I believe that an excessive focus on the doctrine of justification and a fear of over-reliance on our works has led to what Dallas Willard calls “the great omission.” We need to rediscover how grace works in our hearts to enable us to perform the good works that make us holy. Or how grace works in our hearts to make us holy, using our labour to that end.

We need to reject cheap grace and grace abuse, and recall St Ignatius of Antioch (d. 108), who said on the way to his martyrdom, “Now I begin to be a disciple.”

Here is the cost of discipleship:

Martyrdom of St Margaret, Santo Stefano Rotondo, Rome, early 1600s

Justification is not sanctification: Foundations for Protestant asceticism

I have been getting into Richard Hooker recently — first, the Learned Discourse of Justification, then a bit of secondary material on his understanding of sin and grace by Ranall Ingalls in A Companion to Richard Hooker. Next will be David Neelands chapter on predestination, then the book by my colleague and almost friend Brad Littlejohn, Richard Hooker: An Introduction (Brad and I would be friends if we knew each other better).

My initial reason for this current foray into Hooker was seeking teaching from deep in the Anglican tradition about the relationship amongst grace, works, and sanctification. What I’ve found on these topics and more I have liked. I told my brother, “Richard Hooker makes me want to be an Anglican.” He said this was good, since I am one.

Anyway, one of the things I’ve been having clarified is that the real distinction between justification and sanctification is fruit of the Reformation. At least, I think so. The sixteenth century is full of so many writers and so many academic opinions, I’m sure someone disagrees with me. Anyway, grasping this little thread of conceptual framework explains both how Reformational Christianity differs from Roman Catholicism and how we are able to embrace patristics (as Anglicans since Cranmer on the one hand and Parker on the other have done).

Basically, what I’m seeing is this. There is grace coming from God — when you get what you don’t deserve, it’s a real good thing. This grace is necessary at every stage of the Christian life, from conversion and baptism to extreme unction and burial. In terms of justification, the only thing we “do” is have faith. We trust Christ and His promises. This faith is objectively strong because Christ is, no matter how subjectively weak it may at times be. This grace makes us, sinners that we are, righteous in God’s eyes.

The fruit of this justification is good works. We live holy lives. And we become holier by the works we perform. Some of my Presbyterian friends shy away from this as “works righteousness”, but it seems to me that the work of sanctification is precisely something that only happens at every moment because of God’s grace, but that the tool in God’s hands is our own works. That is not an image of Hooker’s. Hooker is much less straightforward on this point than I am being.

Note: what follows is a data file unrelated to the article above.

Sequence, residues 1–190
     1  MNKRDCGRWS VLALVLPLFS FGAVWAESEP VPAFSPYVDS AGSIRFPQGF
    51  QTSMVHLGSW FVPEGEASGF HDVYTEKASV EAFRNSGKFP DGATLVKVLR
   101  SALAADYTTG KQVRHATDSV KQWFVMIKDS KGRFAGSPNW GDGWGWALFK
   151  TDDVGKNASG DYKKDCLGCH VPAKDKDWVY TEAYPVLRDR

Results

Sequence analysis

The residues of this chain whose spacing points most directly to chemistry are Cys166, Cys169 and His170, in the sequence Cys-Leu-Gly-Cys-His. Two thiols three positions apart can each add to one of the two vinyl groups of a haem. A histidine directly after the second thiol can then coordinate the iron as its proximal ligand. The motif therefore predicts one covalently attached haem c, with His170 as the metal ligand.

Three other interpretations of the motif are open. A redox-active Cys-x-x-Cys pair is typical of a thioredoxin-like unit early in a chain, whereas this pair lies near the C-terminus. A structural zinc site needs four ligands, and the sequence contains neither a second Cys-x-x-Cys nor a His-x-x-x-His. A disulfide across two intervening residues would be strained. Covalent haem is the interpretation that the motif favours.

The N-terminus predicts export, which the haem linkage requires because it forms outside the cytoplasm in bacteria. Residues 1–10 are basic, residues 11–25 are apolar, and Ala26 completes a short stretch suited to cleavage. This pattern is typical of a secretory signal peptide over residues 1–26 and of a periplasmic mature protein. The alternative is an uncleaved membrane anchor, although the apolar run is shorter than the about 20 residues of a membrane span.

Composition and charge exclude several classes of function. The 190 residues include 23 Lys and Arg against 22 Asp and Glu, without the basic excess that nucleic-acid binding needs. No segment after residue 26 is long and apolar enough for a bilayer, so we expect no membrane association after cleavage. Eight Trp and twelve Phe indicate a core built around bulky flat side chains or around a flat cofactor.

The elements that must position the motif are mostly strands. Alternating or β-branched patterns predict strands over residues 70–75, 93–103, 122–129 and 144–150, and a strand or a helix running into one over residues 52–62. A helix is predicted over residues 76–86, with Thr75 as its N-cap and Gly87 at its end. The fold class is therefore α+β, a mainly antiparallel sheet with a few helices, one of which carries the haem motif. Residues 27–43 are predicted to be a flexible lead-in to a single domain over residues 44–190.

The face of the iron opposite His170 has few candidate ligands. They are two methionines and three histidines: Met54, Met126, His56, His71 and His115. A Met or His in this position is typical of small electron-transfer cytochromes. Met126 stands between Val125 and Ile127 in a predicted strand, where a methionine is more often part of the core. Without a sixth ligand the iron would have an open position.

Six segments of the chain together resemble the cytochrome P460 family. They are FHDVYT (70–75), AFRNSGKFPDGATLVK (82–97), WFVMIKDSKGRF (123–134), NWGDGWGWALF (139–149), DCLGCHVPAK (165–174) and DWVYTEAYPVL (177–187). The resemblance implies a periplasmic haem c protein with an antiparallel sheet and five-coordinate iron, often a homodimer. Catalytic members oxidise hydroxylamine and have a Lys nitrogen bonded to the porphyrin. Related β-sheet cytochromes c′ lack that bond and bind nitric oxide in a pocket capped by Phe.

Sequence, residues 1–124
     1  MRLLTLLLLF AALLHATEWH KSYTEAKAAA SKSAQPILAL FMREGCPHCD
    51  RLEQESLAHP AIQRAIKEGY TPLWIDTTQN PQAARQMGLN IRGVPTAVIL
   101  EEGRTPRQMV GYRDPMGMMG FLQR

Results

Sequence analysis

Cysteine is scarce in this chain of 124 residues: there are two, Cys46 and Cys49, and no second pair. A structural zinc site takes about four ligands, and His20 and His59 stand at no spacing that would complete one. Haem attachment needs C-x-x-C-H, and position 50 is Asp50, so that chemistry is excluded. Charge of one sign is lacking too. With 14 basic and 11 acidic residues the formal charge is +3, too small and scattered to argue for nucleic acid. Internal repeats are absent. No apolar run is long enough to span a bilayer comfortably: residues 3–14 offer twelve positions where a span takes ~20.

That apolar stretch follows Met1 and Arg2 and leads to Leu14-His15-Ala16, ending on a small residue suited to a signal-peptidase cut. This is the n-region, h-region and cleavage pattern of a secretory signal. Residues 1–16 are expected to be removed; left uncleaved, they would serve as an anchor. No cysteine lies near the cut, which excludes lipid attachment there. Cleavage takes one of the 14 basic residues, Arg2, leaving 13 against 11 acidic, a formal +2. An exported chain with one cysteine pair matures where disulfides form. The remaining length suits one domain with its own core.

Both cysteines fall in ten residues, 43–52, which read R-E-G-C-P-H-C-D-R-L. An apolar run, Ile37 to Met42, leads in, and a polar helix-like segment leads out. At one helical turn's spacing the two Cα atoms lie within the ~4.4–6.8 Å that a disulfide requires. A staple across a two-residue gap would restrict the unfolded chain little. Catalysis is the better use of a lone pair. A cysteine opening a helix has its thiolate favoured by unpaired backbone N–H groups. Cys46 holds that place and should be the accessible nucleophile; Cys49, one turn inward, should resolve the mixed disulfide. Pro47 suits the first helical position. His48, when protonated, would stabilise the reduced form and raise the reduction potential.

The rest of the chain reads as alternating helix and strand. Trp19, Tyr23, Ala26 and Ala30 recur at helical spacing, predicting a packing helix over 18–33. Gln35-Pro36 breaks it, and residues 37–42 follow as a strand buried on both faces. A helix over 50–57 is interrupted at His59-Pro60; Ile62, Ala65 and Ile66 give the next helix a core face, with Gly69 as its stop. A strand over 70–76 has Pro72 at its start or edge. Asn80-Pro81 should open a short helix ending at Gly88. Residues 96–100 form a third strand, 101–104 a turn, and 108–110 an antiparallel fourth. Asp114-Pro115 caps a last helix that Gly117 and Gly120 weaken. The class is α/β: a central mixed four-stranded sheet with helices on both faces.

We can be holy. And God’s grace makes us holy. The means by which grace makes us holy is our own works. Therefore, we must continually throw ourselves upon God’s grace if we wish to be holy, meanwhile working out our salvation in fear and trembling. This is sanctification.

Making this distinction between justification by faith alone and sanctification — both by works, all in Christ and by Christ — enables us to have Protestant asceticism. I am speaking here of what Kallistos Ware refers to as “natural” asceticism — so, not Stylites or flagellants or such things. Rather, frugal spending, simple eating, plain clothing, combined with fasting, regular prayer, regular engagement with Scripture, partaking of the Holy Communion. That sort of asceticism.

We do these things knowing that the works themselves avail nothing. But we do them knowing that the grace that makes them even possible is also at work in us to make us holy by these works.

This perspective sets us free from the Presbyterian fear of “works righteousness”, for one thing. We can freely perform our training (for that is what askesis means), knowing that God Himself undergirds it all. Second, it sets us free from the sort of late mediaeval anxiety that comes from works righteousness — none of our works can provide satisfaction, none of them holds any merit in relation to God.

We are already in a right relationship with God. We perform these works out of love for Him, out of a desire for holiness (and here I mirror John Cassian, Conference 11). In terms of meeting God, entering into relationship with Him, and escaping Hell — it is not by fasting and almsgiving that we are saved but by the Blood of Jesus. In terms of knowing God better, how else than by spending time with Him and doing what Our Father asks? How else can be transformed than by our own deeds?

(I do hope this makes sense.)

Collect of the Day: John and Charles Wesley, Priests, 1791, 1788

From the Daily Office blog.

Lord God, you inspired your servants John and Charles Wesley with burning zeal for the sanctification of souls, and endowed them with eloquence in speech and song: Kindle in your Church, we entreat you, such fervor, that those whose faith has cooled may be warmed, and those who have not known Christ may turn to him and be saved; who lives and reigns with you and the Holy Spirit, one God, now and for ever. Amen.